(I originally wrote this post last spring, but am just getting around to posting now)
The house we live in was built in 1967 and very little has been done to update it since then by us or the previous owners. When we moved in, all we did was paint the walls and replace the carpet – and that was 15+ years ago. It’s very functional for the most part.
Most of our money/effort has gone into transforming the yard which is where my passion lies. When we moved in, we had a couple of trees taken out that pretty much decimated the lawn. So, we had a blank slate to work with and I’ve spent plenty of time making gardens, adding lawn (which I’m starting to take out now) and building the bee yard. So while the house has great curb appeal, the inside has lagged behind.
When my dad died a couple of years ago, we inherited a little money and while the bulk of that is going towards our kids’ education, we also decided it was high time to make some updates to the interior of the house. Although Diana deserves one of the finest kitchens to go with her superb culinary skills, we opted to update the 2 bathrooms since it would be cheaper. (Plus she reminds me that an excellent chef can make a gourmet meal on a hot plate if need be – at least our kitchen is a little better than that). Our 50 year old bathrooms were definitely dated (I was hoping for that style to come back around, but alas no) and you couldn’t get parts for the shower faucets anymore. You could either have water pressure or hot water – but not both. Over the years, I’ve replaced the sink faucets and a toilet, but not the infrastructure. Definitely time for an update.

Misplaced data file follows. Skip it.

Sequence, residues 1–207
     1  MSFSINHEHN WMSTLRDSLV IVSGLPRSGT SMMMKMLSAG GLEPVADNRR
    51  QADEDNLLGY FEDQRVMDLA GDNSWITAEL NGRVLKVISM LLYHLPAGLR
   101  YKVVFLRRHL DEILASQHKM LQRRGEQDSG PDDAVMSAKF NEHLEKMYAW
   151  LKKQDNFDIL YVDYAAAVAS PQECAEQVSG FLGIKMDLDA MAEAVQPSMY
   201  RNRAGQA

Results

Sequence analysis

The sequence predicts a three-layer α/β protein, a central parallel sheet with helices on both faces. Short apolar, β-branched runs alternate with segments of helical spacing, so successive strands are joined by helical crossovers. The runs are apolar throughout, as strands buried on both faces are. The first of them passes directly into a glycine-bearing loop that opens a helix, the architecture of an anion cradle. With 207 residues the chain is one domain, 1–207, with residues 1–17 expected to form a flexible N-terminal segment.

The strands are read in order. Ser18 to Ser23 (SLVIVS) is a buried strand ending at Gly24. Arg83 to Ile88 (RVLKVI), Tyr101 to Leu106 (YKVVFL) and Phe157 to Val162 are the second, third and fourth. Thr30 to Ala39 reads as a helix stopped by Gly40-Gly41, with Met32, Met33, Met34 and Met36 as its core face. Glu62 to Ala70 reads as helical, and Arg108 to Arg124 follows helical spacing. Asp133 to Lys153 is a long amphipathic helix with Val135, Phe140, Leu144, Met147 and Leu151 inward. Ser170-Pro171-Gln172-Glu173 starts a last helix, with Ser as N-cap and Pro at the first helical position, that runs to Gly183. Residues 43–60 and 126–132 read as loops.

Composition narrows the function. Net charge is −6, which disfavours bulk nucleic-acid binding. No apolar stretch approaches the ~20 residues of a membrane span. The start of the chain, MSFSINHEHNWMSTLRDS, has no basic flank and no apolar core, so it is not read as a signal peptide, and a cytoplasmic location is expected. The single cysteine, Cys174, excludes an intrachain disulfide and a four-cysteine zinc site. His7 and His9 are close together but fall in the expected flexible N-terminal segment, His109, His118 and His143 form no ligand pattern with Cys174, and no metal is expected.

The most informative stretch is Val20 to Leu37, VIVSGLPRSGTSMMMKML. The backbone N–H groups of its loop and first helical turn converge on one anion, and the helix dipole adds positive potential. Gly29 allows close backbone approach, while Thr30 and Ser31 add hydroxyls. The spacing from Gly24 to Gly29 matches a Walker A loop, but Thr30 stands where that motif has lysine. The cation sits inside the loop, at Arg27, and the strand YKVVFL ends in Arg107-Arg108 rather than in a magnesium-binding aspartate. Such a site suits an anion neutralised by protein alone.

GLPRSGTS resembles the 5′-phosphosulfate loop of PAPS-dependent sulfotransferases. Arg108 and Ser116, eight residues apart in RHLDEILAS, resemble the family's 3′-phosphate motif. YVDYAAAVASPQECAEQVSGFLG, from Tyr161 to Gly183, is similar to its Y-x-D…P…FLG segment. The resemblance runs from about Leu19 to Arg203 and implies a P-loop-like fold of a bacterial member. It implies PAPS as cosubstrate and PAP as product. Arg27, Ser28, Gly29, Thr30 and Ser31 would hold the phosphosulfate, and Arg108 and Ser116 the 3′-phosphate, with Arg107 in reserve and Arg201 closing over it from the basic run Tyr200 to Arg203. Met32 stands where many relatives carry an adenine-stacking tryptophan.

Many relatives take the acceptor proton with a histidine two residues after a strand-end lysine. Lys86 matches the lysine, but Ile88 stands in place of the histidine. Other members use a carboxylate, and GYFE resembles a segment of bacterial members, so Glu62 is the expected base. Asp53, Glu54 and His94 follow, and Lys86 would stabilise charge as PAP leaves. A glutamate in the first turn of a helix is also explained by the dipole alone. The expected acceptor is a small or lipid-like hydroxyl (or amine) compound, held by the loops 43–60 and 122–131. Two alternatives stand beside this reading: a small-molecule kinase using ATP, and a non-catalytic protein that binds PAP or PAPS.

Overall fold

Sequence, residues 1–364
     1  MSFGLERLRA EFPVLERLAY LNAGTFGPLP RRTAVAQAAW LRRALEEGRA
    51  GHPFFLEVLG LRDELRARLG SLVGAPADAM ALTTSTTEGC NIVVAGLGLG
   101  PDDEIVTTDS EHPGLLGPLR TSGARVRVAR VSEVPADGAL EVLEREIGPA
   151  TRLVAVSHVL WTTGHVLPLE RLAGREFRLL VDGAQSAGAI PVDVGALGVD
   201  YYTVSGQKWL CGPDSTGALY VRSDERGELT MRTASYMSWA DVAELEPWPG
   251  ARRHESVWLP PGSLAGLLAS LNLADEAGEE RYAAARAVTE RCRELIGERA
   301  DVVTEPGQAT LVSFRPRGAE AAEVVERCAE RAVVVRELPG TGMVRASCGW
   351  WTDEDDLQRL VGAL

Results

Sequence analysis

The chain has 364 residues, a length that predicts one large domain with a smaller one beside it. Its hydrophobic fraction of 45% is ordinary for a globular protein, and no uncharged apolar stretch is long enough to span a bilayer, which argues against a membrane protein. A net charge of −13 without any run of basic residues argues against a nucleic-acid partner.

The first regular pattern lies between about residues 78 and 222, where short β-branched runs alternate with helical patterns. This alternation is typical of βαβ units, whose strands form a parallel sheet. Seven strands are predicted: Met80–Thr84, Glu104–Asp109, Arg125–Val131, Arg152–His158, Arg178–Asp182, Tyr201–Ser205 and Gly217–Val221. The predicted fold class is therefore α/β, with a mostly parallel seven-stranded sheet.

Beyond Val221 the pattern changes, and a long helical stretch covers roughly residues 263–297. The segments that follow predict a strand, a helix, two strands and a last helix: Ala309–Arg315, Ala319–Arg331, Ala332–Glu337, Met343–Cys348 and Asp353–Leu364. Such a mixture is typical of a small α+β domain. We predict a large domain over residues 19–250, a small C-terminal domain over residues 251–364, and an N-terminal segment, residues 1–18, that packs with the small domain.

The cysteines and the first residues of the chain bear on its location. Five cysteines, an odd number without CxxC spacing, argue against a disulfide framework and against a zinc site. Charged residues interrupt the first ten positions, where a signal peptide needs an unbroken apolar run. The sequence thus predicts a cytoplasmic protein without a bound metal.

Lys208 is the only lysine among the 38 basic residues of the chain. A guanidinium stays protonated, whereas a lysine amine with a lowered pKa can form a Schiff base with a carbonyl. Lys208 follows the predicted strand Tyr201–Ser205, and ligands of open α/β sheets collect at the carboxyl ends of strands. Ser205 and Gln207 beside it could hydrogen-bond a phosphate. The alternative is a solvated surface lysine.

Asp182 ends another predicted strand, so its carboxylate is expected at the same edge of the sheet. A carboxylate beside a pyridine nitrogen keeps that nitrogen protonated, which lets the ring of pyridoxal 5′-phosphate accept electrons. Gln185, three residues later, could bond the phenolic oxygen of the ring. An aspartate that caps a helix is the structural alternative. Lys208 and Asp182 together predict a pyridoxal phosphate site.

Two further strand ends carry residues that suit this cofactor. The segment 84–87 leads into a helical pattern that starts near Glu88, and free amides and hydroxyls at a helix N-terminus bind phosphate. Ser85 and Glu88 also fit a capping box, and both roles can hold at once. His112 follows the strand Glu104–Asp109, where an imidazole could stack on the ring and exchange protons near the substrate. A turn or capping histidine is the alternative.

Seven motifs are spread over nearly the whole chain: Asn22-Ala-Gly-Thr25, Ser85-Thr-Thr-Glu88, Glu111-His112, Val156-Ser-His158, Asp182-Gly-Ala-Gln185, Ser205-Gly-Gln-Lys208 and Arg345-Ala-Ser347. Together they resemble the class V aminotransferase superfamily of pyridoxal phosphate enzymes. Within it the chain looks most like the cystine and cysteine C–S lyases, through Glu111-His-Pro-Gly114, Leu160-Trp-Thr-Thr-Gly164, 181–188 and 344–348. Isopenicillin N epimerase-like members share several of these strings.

Our bathrooms are small, but mirror images of each other (they share a common wall). All we really wanted was to have a more modern and functional bathroom – not add in bells and whistles like jetted tubs. Toilets that flushed, sinks that drained, hot shower with pressure – that’s all we really needed. The old bathrooms had tile on all the walls and ugly linoleum flooring. We wanted tiled floors and only tile in the shower/bath area. I also wanted a rain head shower – I first had one of those in Australia in 1999 and have been wanting one every since. They are not very water efficient, but boy do they feel good.